How about you? (If you run Ubuntu, read this – which is why I tried scaling my 1280 desktop to a 1024, in the first place).

WordPress 2.7

I just upgraded from 2.6.3 (using my “wp-upgrade” script), and It’s fantastic! Go watch a video about the biggest features. It even includes an “automatic upgrade!!” This pretty much deprecates my script, unless you want to maintain snapshots of each version. (I’m not sure if anyone other than me was using it to begin with… but anyhow….) ๐Ÿ™‚

Screenshot: wp-upgrade Snapshots

Ubuntu 8.10 (Intrepid Ibex) and Tablets

I just had to mention this: The latest version of Ubuntu finally supports input hotplugging. What this means is that you can plug in your tablet at any point and start taking advantage of its pressure sensitivity, etc. Previously, it would only work correctly if Ubuntu (the X server part of it) started with the tablet plugged in. Let me just say: OMG, I’ve been waiting for this for years! Seriously. I hadn’t been keeping up with every detail on the release (and I’m surprised I hadn’t seen mention of this yet), but I always plug in my USB tablet and run a quick test with new releases. This time, it actually worked! My test turned into a quick (and random) doodle:

How to Test

Plug in your tablet.

Run GIMP (included with Ubuntu by default).
Applications > Graphics > GIMP Image Editor

Enable Extended Input devices in GIMP.
Edit > Preferences > Input Devices > Configure Extended Input Devices

Find your tablet under the Device dropdown (mine is a Wacom Graphire) and select Screen or Window for the Mode. (It defaults to disabled.)

Create a new image, select the paintbrush tool and start drawing. To play with the features of your tablet, expand the Brush Dynamics section in the paintbrush options window (should be below the toolbox, where you selected the paintbrush). Here you can adjust things that pressure of your pen will control, like size and opacity. Fun stuff!

It’s not perfect (only works with the stylus – eraser doesn’t work without configuring), but it’s a HUGE step!! ๐Ÿ˜€ And the fact that this also includes the latest version of GIMP (2.6) makes this upgrade an absolute no-brainer for linux graphic-philes. ๐Ÿ™‚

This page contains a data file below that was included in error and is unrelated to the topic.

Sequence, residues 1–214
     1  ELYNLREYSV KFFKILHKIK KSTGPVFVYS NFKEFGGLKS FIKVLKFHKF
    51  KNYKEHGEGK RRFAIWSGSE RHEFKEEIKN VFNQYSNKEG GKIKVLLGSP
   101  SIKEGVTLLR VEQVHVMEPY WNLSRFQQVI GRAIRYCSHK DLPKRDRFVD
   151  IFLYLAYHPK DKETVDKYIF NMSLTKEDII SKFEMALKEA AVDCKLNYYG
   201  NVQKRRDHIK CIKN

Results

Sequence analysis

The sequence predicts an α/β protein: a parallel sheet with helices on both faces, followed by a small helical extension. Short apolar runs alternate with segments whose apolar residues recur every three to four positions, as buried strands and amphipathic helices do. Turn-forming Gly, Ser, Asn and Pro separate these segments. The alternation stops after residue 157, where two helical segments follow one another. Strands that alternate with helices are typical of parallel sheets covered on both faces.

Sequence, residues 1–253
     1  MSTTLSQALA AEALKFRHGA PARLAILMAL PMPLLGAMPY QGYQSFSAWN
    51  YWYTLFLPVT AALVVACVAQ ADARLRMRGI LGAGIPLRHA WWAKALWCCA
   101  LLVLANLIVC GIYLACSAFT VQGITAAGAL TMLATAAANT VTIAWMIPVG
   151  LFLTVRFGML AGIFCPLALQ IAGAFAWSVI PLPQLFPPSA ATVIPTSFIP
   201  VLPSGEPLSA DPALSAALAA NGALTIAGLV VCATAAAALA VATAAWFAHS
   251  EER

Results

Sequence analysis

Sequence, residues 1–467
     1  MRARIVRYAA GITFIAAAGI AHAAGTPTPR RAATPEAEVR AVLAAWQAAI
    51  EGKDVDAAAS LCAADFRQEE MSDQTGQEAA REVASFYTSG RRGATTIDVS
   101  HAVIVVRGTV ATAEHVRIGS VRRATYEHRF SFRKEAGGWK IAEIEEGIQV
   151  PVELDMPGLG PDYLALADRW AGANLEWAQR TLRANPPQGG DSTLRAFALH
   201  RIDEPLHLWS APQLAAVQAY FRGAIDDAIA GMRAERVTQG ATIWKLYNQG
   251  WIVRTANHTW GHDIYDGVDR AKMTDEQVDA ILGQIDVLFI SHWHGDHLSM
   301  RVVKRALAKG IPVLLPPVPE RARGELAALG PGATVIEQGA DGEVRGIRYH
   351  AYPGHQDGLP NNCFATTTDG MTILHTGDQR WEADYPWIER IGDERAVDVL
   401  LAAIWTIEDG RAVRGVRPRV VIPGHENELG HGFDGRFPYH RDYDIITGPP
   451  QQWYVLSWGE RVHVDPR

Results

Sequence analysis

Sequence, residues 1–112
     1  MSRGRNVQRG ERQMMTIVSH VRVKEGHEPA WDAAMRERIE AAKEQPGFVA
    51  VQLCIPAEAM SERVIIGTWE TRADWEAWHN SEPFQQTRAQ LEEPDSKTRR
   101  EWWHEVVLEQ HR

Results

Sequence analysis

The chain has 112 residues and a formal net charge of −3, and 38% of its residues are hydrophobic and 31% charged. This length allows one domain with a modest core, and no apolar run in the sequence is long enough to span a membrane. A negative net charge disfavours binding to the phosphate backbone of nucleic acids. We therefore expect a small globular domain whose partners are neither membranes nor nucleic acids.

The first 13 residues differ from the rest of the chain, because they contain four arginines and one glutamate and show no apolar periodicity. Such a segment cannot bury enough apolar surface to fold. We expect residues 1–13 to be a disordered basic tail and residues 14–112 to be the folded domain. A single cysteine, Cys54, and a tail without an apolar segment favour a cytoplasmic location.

I found the new UI in GIMP a little strange at first, because I became so accustomed to the old one, but it is much better.

Upgrade Problems

Related to the upgrade, I lost wireless connectivity with my laptop upon doing it because the hostap_cs driver is used. I forgot about this issue that I had with previous releases and my super-cheap 1000yen wireless card. Blacklisting the hostap_cs driver and forcing the orinoco_cs driver fixed my problem again. The lesson: the upgrade wasn’t perfect and it should never be assumed that they will be – please backup your stuff! But do do the upgrade! ๐Ÿ˜‰

open-with for the command-line

Update 2008/11/18: Use xargs ๐Ÿ˜›

Here’s a bash script that you can pipe output into and tell it to run a specific program with the output as arguments. I’ve named it open-with and placed it in my personal script directory: /home/steve/bin/. Look within the script at a couple of the examples for how to use it.

#!/bin/bash

PROG=`basename $0`

DESC="Read arguments from standard input and run a specified program
with them.  Meant to be used as output for a pipe."


USAGE="OUTPUT | $PROG \"PROGRAM-NAME [OPTIONS AND ARGUMENTS]\""

EXAMPLES="
# List (with details), all the files that include \"downloads\" in their name:
  find /home/ -iname \"*downloads*\" | $PROG \"ls -l\"

# Queue all AVI files in current directory in vlc:
  ls *.avi | $PROG vlc

# View all time-related icons with eye-of-gnome:
  find /usr/share/icons/gnome/ -iregex \".*[^mul]time.*\" | open-with eog
"

function Usage() {
  echo "DESCRIPTION: $DESC" ; echo
  echo "USAGE: $USAGE" ; echo
  echo -n "EXAMPLES: $EXAMPLES"
}

# Quick check to see it's being called correctly, if not, print Usage and exit
if [ ${#@} -ne 1 ]
then
	Usage
	exit
fi

files=()						# empty array
while read -r					# read from stdin
do
	files+=( "$REPLY" )			# add result of read to array
done

# assume $1 is a valid program
$1 "${files[@]}"				# pass arguments to specified program